* Dollar edges higher vs euro; Greek debt weighs
* Euro off 9-month lows but sentiment still fragile (Recasts, adds comment, updates prices)
By Luciana Lopez and Vivianne Rodrigues
NEW YORK, Feb 22 (Reuters) - The dollar edged higher against the euro on Monday but fell against the yen as investors proved cautious on continuing worries over fiscal strains in Europe and upcoming testimony from the head of the U.S. Federal Reserve.
The dollar's gains extended last week's advances after the Federal Reserve raised the discount rate that banks are charged for emergency loans. Investors, surprised by the timing of the move, saw a potential end to the easy money regime that hurt the dollar last year.
Policy makers, however, dispelled that notion, saying the Fed's benchmark rate will remain low for some time. Chairman Ben Bernanke is expected to issue similar reassurances in testimony to Congress later this week.
"The Fed officials' jobs are going to be to talk to the market about how the discount rate should not be seen as a policy tightening," said Meg Browne, senior currency strategist at Brown Brothers Harriman in New York. "Right now, the market's mentality is still to sell the euro and sterling on dips."
While the single currency recovered from last week's nine-month low beneath $1.35, investors still worried about Greece's ability to get its budget deficit under control.
Concerns about heavily indebted euro zone countries have recently weakened the euro, and fund managers said further losses are likely.
"I think it is safe to say that the euro is now in a secular long-term downtrend, with a fair valuation of $1.22," said Thomas Kressin, lead portfolio manager of Pimco's Global Investor Series FX Strategy Fund in Munich, Germany. [ID:nN2295534]
In late afternoon trading in New York, the euro was down 0.15 percent at $1.3595 <EUR=>. It hit a nine-month low of $1.3442 last week, according to Reuters data. Against the yen, the euro was down 0.6 percent at 123.90 yen <EURJPY=> while the dollar declined 0.5 percent to 91.13 yen <JPY=>.
Greece's budget situation "is one of those ongoing sagas that have yet to find any resolution," said Kathy Lien, director of currency research for GFT in New York.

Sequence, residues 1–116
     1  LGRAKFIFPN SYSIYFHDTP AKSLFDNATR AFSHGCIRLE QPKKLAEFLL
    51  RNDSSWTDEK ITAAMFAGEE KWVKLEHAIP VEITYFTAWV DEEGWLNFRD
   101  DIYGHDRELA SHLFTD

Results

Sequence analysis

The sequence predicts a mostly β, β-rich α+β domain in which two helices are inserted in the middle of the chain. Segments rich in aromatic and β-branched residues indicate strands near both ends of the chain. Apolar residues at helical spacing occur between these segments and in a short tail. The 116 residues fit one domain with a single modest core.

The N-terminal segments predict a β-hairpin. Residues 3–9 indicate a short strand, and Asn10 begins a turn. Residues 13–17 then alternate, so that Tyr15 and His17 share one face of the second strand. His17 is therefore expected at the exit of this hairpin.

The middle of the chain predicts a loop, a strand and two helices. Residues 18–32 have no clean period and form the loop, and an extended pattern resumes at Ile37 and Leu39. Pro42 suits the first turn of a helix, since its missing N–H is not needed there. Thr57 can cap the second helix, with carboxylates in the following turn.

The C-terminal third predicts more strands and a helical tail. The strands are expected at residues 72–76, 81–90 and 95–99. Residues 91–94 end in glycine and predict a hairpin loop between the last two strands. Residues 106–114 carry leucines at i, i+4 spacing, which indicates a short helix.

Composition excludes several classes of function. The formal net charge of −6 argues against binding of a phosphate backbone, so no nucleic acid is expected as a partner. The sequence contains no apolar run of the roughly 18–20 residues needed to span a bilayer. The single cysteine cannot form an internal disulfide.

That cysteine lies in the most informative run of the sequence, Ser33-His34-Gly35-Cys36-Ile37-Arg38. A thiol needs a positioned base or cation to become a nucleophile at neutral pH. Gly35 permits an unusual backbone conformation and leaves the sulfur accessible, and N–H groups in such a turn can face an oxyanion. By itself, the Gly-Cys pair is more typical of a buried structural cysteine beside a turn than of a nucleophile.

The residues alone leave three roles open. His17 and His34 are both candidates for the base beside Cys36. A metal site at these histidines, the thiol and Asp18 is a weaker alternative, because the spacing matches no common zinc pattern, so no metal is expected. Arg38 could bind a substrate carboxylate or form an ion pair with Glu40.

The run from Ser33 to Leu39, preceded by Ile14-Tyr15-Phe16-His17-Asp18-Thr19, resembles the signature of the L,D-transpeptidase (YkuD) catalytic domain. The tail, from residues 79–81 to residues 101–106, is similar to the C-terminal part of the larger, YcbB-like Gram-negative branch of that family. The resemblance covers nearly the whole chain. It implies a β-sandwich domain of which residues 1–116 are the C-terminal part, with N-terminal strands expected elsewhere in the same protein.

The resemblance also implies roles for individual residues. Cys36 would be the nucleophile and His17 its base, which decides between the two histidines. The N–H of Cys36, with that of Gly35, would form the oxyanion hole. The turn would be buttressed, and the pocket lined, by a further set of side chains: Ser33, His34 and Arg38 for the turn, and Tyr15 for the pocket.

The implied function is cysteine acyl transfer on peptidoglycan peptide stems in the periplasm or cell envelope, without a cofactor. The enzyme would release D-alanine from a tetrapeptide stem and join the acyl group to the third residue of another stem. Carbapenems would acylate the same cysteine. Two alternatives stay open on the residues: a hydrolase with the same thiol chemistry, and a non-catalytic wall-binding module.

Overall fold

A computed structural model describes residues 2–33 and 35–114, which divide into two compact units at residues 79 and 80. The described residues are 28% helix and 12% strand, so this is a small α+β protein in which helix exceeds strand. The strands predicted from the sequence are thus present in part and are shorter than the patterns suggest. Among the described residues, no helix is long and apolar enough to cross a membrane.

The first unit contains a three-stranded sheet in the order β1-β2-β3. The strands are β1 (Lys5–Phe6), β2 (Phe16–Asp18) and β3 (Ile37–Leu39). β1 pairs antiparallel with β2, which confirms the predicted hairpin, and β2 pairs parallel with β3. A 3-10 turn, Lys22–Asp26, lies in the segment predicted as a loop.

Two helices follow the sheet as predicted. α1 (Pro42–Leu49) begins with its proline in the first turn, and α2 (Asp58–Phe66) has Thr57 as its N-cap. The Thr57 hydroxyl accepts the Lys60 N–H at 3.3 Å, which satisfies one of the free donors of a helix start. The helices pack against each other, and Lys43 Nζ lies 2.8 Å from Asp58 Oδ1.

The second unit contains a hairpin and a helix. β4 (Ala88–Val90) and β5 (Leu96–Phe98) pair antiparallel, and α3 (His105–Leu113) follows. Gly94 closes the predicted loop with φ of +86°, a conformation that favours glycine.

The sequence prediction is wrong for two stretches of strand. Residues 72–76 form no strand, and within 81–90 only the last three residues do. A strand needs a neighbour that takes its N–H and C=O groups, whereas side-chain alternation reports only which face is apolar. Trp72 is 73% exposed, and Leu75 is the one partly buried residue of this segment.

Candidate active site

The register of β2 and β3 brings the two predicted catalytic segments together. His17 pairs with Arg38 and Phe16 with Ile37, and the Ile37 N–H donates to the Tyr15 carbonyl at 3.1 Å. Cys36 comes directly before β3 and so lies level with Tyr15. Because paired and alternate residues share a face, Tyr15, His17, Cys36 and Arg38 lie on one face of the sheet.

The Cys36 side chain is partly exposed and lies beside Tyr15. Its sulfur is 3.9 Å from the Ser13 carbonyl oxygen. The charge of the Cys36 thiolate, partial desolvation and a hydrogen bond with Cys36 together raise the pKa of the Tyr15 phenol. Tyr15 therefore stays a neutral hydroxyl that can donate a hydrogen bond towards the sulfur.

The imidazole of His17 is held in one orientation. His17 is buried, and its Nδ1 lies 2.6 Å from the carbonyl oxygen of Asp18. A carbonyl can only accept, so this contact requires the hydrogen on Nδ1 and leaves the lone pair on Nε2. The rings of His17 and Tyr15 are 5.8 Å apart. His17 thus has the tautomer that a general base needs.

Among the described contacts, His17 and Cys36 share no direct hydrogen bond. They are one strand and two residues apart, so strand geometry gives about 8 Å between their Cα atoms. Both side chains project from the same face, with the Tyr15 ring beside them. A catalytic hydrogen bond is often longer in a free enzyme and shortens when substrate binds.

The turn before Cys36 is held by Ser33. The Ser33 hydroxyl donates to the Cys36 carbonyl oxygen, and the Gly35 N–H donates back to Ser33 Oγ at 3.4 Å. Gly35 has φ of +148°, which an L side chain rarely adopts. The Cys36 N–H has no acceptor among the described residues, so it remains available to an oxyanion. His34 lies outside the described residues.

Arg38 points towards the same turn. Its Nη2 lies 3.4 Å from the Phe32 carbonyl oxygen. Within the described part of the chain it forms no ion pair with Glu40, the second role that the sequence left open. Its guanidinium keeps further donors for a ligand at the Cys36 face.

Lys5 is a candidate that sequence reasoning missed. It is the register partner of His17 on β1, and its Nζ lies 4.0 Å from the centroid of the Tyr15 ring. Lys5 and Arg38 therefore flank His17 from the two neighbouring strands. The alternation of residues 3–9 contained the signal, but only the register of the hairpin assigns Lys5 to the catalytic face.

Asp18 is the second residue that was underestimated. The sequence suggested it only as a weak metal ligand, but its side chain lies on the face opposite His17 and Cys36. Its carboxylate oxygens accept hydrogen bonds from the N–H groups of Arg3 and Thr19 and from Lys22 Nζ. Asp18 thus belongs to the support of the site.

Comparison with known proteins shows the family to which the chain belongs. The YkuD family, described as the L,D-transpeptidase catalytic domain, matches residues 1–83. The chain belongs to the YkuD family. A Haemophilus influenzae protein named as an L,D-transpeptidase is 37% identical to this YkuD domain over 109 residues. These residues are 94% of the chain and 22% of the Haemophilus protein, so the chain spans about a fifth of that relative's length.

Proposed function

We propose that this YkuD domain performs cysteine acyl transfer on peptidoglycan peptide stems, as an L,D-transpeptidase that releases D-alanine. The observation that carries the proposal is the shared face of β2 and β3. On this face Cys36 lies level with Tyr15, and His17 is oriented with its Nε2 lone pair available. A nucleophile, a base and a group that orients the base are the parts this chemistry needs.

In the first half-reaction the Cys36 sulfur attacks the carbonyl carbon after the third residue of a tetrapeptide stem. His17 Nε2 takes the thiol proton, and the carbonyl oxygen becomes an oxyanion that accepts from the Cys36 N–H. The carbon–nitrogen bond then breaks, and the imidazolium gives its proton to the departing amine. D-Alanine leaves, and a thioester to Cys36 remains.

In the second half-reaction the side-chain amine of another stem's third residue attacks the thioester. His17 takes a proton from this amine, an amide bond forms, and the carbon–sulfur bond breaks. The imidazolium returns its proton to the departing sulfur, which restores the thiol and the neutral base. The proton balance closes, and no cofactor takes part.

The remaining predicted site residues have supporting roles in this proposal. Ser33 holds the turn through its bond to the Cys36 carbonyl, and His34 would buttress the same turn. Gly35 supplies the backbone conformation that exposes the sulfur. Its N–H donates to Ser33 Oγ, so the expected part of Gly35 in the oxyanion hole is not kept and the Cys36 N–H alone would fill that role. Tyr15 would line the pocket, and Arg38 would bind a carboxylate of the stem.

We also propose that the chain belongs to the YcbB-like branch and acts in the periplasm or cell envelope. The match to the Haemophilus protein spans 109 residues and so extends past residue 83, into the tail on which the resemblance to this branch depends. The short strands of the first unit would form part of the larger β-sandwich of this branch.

Weekend reports that Germany had prepared plans for euro zone countries to provide aid to Athens provided only a brief boost. A German Finance Ministry spokesman said on Monday that the country has made no decisions on a lifeline for Greece. For details see [ID:nLDE61J05O] and [ID:nLDE61L1HB]
"Serious headwinds with regard to Greece" mean the path of least resistance for the euro is still downward, said Brian Dolan, chief currency strategist at Forex.com in Bedminster, New Jersey, though a break above $1.3650 might change that.
The euro has lost more than 5 percent against the dollar since the beginning of the year.
Data from Europe last week showed currency speculators raised net euro short positions to a record high. <-------------------------------------------------
For a graphic on euro positioning, click here ------------------------------------------------->
Analysts said the market now will focus on Bernanke's testimony on Wednesday and Thursday for clues about the future direction of monetary policy.
Other economic highlights ahead this week include readings on U.S. new home sales on Wednesday, durable goods on Thursday and preliminary figures for fourth-quarter gross domestic product on Friday. (Additional reporting by Gertrude Chavez and Steven C. Johnson in New York)